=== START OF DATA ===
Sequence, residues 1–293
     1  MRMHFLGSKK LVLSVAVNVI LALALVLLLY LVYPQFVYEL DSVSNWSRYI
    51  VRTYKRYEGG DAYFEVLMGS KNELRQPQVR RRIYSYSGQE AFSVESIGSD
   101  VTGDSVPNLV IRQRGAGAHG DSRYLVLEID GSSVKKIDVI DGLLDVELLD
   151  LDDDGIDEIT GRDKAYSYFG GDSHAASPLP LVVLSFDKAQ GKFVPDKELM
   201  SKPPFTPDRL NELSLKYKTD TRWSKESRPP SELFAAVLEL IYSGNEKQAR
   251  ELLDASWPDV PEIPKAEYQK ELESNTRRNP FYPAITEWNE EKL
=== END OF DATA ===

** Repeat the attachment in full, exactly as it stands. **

Sequence, residues 1–293
     1  MRMHFLGSKK LVLSVAVNVI LALALVLLLY LVYPQFVYEL DSVSNWSRYI
    51  VRTYKRYEGG DAYFEVLMGS KNELRQPQVR RRIYSYSGQE AFSVESIGSD
   101  VTGDSVPNLV IRQRGAGAHG DSRYLVLEID GSSVKKIDVI DGLLDVELLD
   151  LDDDGIDEIT GRDKAYSYFG GDSHAASPLP LVVLSFDKAQ GKFVPDKELM
   201  SKPPFTPDRL NELSLKYKTD TRWSKESRPP SELFAAVLEL IYSGNEKQAR
   251  ELLDASWPDV PEIPKAEYQK ELESNTRRNP FYPAITEWNE EKL